Particularly when modelling marine systems, this often involves not only biological interactions, but also interactions with the physical and chemical environment. The course will consist of three parts. The first part will be a series of lectures that will provide an introduction into the most important topics within marine modelling. Using practical exercises, the student will get acquainted with the basic modelling techniques, and learn how to use the models to answer ecological and environmental problems.
In the last 2 weeks of the course, the students will do a modelling assignment where they independently develop e. At the last day of the course, the students will report on their work in a poster presentation. The techniques that are taught are general, and the course is therefore open to all biology students. Research PhD courses. Practical Modelling for Marine Biologists. Organizer Prof. Johan van de Koppel Royal Netherlands Institute for Sea ; Conservation Ecology , UoG Course information See the course flyer for more information Aim of the course This course aims to teach the topic and the tools involved in the modelling of ecosystems, using marine systems as focus area.
The framework presented here will serve as a template for data collection, and empirical insights from these diverse studies will be used to adjust models. End-to-end modeling using long-term monitoring data from the Baltic Sea. This graph shows the long-term eutrophication development in the twentieth century with lag effects of phytoplankton and the potential future development of the two land-use scenarios in the twenty-first century. The combination of natural- and social-science approaches into one framework constitutes a foundation for novel, conceptual, and empirical models and scenarios useful for investigating potential pathways to marine stewardship.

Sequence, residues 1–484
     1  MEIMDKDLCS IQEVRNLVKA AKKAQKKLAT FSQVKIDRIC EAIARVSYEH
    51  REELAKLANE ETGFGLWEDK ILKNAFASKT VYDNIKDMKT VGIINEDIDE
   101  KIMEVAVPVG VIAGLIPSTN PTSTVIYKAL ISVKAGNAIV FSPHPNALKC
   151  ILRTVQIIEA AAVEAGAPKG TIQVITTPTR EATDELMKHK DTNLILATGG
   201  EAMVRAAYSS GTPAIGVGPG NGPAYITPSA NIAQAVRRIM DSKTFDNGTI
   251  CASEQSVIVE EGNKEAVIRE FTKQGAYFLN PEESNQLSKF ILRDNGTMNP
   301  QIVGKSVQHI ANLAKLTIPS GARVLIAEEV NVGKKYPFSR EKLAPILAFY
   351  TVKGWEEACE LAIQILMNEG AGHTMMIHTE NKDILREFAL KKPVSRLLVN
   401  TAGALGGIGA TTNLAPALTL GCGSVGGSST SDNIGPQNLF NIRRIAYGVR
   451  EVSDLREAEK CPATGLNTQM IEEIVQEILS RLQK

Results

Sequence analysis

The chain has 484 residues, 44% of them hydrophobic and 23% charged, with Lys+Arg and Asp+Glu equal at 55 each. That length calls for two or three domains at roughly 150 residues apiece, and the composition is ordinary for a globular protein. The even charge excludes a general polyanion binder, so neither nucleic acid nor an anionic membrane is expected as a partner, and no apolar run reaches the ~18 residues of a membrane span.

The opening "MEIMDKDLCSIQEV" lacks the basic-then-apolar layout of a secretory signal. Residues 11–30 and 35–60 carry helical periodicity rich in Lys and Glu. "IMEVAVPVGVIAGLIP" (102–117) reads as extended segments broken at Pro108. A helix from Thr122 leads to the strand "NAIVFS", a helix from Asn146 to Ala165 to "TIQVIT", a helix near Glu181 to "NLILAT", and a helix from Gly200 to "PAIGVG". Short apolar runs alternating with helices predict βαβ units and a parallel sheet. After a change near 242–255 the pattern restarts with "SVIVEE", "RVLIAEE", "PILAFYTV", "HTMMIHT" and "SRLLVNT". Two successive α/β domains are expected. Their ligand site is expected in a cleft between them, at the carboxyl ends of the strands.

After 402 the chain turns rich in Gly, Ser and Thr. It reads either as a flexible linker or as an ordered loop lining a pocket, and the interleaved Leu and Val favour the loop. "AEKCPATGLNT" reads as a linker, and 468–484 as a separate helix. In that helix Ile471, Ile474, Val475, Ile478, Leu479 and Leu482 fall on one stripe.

Numerical Modelling: Applications to Marine Systems, Volume 145
We will use these scenarios when we engage in dialogues with policymakers and practitioners, with the goal of discussing how the modeled, hypothetical futures of marine social—ecological systems could be avoided or encouraged in the real world. It should be acknowledged that it will not be possible to develop quantitative predictive models for all variables and outcomes of integrated social—ecological systems.
We also acknowledge that it will be a challenge to couple the two modeling approaches and that dealing with uncertainty in such complex models will represent an additional challenge. A complex social—ecological systems approach is, in itself, confronted with uncertainty and surprise Levin et al. However, the common framework presented here represents an important step toward integrating the understanding of the social and natural sciences.